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Ford Five Hundred/Mercury Montego



  • nvbankernvbanker Posts: 7,285
    "500/Fusion. MUST loose it's triangular rear lights. Car is square on every angle, trainglular looks tastless and therefore cheap and idiotic. I apologize to this forum members for these harsh words but this is the way I see it."


    Wow, FSV- you like how the Accord looks, but think the Fusion is idiotic? What do you do for work? I'm ready to put you into a classification with that evaluation.....
  • ehaaseehaase Posts: 328
    Volvo is profitable and doing well, but would Ford have been better off spending the money on improving the products it already had?
  • fsmmcsifsmmcsi Posts: 792
    Most of us here know far more about cars than the average car buyer. If the typical consumer will not take the time and make the effort to learn more, then the differentiated brand strategy on common platforms which GM, Ford, and everyone else is using makes sense. I just wish they would try selling all of the variations in one place at three or four scattered experimental dealerships.


    Sorry FSV, but I think that the tail lights, especially the LED units on the Montego, look really good. Having seen the European Fords on the roads there, I can see the common design trend.


    I wonder why Ford is not selling the Five Hundred and Freestyle in Europe? With the AWD and one of their diesel engines, they would be a nice step up from the Mondeo.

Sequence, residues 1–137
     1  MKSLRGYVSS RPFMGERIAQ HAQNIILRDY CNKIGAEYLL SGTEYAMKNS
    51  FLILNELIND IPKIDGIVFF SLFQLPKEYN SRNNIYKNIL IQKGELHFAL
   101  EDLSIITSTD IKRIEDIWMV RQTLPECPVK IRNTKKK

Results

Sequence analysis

• nedc2nedc2 Posts: 192
    I agree with you on the tail lights, they look good, and the design is pragmatic, the triangualr shape maximizes taillight are while minimizing its intrusion into the trunk opening, and it save on wiring the rear decklid for auxilliary tail lamps. That's the simple reason the triangular design, in various forms is so popualar.


    Why not Europe? Size. The cars are too long, too wide and too heavy, as I understand it that would put them into a hihger tax and insurance category in most European countries, where they'd co,mpete with the Audi A8 and Mercede S calss etc., and since the cars are aimed at a lower price point here it would mean redesigning and upgrading the interior, as well as developing or adapting new engines, e.g. a diesel, an I4 or I5 turbo, turbo 6 or V8, etc They might be able to find a market for them in the former Soviet republeics and Russia where there are different tax and insurance laws.